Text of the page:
Thompson takes Symantec well beyond its antivirus roots

Symantec Corp. built its name on its flagship Norton system maintenance and antivirus products. As the 1990s progressed, though, the company embarked upon an aggressive period of acquisition to broaden its scope, reflecting the changing landscape of computing and the expanding reach of the Web.

“Symantec had reached adolescence and had to figure out what it wanted to be when it grew up,” said John Thompson, whose arrival as chairman and CEO five years ago coincided with the company’s new direction. “The strategy was to extend our strength in antivirus to a broader Internet-based security platform.”

The results speak for themselves: 30 percent annual revenue growth has transformed Symantec into the world’s largest security vendor. Customer satisfaction ratings have steadily increased, and international revenues have expanded to over half the company’s total.

Symantec also has done something few high tech companies have achieved: It has reduced staff attrition rates to well below the 20 to 25 percent typical of the industry.

Thompson had had a long and successful tenure at IBM Corp., where he worked as an executive in sales, marketing and software development. He was ready for more responsibility, and the opportunity to run one of the largest software companies in the world proved too tempting.

“It was an opportunity to join a company with great potential, as well as being a personal and professional match,” he said.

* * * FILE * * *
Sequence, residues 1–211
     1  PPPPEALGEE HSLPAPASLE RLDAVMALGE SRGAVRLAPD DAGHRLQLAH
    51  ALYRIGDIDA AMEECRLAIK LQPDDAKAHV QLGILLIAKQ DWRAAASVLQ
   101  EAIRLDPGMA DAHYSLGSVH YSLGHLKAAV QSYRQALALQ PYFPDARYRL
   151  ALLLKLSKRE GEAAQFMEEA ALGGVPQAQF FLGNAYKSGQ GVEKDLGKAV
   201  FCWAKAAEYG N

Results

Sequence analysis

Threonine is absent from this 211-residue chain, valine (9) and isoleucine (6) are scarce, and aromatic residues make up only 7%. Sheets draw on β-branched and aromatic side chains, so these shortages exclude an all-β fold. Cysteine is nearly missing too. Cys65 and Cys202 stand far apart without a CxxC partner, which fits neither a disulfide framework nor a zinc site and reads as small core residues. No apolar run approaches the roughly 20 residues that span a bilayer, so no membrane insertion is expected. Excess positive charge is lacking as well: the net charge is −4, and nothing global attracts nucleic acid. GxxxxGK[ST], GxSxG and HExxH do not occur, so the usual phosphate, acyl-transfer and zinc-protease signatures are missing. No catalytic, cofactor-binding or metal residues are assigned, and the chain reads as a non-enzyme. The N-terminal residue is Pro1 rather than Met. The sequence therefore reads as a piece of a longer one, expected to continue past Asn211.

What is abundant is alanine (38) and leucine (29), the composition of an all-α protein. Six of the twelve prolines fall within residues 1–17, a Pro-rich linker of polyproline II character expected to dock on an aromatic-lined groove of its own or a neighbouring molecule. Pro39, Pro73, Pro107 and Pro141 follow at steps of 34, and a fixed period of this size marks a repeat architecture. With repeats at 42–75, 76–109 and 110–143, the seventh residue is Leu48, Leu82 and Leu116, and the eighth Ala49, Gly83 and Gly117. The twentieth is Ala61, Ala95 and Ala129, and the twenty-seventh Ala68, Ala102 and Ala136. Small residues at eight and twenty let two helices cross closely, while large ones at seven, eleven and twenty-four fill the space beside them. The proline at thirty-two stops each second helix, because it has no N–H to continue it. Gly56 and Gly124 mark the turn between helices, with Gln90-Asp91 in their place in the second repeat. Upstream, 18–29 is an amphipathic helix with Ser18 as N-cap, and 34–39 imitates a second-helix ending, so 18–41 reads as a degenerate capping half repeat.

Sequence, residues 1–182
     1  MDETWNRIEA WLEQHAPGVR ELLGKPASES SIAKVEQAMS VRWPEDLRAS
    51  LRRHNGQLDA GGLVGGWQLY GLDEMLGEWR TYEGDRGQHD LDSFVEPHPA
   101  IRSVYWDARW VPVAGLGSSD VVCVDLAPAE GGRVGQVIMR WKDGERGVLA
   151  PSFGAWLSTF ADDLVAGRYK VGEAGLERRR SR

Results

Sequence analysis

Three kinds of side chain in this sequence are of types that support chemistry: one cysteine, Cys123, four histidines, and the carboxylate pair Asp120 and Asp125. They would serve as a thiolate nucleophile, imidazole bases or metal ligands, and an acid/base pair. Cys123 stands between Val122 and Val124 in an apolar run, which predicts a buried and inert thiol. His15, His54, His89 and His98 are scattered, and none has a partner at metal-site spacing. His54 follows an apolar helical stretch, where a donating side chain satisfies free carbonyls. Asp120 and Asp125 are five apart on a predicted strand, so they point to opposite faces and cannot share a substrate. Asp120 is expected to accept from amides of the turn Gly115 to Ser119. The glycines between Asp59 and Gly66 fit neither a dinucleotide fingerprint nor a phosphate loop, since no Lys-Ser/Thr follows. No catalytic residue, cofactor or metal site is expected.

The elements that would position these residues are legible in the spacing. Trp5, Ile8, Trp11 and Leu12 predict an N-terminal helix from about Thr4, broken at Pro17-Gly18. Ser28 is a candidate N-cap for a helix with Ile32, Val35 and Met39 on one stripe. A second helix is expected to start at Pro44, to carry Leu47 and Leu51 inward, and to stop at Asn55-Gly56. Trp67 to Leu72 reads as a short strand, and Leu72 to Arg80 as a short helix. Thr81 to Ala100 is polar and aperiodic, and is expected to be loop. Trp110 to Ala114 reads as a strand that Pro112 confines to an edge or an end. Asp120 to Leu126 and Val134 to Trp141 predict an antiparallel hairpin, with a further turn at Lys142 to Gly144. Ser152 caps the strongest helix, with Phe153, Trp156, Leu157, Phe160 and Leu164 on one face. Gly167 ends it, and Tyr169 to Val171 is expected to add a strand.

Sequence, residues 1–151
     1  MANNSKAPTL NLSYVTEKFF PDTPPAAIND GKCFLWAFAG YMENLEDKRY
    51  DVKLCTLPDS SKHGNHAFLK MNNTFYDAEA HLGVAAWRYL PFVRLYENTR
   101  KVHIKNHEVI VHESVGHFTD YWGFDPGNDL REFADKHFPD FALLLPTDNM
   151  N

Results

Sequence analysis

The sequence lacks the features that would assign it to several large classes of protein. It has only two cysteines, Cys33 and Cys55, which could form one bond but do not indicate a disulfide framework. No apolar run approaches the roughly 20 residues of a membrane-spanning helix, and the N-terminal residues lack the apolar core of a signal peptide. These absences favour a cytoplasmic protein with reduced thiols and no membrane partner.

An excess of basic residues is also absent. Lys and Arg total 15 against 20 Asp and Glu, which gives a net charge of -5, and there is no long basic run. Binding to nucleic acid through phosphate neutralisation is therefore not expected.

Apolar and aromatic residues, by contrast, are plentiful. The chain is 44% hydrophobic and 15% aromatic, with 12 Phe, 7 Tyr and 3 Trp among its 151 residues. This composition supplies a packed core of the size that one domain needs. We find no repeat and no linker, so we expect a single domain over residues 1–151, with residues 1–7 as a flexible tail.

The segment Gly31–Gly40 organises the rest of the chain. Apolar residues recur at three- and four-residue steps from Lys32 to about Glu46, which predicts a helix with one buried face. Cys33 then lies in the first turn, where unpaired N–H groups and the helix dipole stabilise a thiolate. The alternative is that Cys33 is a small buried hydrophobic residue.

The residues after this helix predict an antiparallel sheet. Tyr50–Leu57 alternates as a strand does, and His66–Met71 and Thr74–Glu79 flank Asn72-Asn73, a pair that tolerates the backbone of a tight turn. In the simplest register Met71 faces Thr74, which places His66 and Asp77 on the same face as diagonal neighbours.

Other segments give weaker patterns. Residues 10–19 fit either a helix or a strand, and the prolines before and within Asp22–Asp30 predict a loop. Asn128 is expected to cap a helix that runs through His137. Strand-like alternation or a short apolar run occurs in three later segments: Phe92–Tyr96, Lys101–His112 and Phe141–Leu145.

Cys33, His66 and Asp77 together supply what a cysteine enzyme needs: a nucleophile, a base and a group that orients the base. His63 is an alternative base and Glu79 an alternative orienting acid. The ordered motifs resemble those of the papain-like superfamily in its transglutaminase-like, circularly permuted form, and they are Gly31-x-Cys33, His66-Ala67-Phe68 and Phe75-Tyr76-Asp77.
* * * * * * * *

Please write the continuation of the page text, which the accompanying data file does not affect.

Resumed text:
Focus on the Web

He quickly reorganized the company’s product portfolio, dropping anything not relevant to its central strategy and driving the adoption of Web-based security technologies.

To execute this plan in the public sector, Thompson brought on board Tom Mazich, a 13-year veteran of Comdisco Inc. of Rosemont, Ill. From the beginning, Mazich said, he was impressed by Thompson’s commitment to the government side of the business.

“In my 13 months in the job, he has made seven trips to Washington specifically to meet with our federal customers,” said Mazich, public-sector vice president at Symantec. “How many high-tech CEOs in a company this size show that level of interest in government?”

Symantec’s government users include the Defense Department and the intelligence community. Mazich said federal, state and local, and education are all steady growth sectors for Symantec.

Although Thompson acknowledged progress in reshaping the Symantec brand, he said there is still a long way to go. And in the meantime, the entire security landscape is undergoing yet another radical shift.

From antivirus software to point products for intrusion detection and from firewalls to integrated suites, the security market is morphing once again.

This time, it’s developing early warning systems that evaluate and minimize risk, and ensure the integrity of an entire IT infrastructure.

“Government IT managers have realized that the notion of any one security product that can solve everything is a figment of the imagination,” Thompson said. “We are now helping our large federal customers to ensure the integrity of their infrastructures and data, as opposed to trying to secure it.”

The idea is to be fully prepared, detect warning signs and ward off attacks before they do any damage. That entails a combination of three traditionally separate strands of technology—network management, systems management and security.

“While these areas are normally addressed by different vendors, there is a clear trend toward convergences,” Mazich said. “The federal government is very much an early adopter in this as well as other areas of security technology.”

Drew Robb of Glendale, Calif., writes about IT.

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